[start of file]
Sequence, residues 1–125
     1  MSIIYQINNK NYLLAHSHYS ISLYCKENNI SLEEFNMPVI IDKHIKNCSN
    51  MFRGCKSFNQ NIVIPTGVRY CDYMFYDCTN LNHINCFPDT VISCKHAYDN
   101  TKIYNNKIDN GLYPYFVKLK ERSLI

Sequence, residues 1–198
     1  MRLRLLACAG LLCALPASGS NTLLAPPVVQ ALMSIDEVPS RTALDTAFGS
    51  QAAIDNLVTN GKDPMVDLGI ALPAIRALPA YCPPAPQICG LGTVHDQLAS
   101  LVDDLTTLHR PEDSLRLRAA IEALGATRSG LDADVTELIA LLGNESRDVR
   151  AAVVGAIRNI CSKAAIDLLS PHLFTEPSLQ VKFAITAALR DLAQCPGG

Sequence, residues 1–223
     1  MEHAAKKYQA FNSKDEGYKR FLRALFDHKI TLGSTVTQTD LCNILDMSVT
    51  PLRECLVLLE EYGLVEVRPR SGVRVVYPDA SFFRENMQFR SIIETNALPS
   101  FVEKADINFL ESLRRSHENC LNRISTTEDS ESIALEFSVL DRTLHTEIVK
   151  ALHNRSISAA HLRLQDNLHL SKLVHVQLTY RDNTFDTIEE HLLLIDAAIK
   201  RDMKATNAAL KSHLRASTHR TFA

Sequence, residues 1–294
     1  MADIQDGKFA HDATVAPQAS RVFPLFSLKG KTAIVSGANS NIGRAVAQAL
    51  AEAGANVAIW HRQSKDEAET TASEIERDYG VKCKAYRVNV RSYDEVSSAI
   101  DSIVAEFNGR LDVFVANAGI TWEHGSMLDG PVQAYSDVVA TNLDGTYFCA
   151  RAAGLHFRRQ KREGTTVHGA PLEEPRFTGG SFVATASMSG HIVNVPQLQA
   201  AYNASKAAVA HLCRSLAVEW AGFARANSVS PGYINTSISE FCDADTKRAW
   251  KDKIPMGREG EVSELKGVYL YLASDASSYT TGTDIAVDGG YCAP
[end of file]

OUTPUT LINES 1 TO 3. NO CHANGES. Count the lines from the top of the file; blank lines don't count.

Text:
Sequence, residues 1–125
     1  MSIIYQINNK NYLLAHSHYS ISLYCKENNI SLEEFNMPVI IDKHIKNCSN
    51  MFRGCKSFNQ NIVIPTGVRY CDYMFYDCTN LNHINCFPDT VISCKHAYDN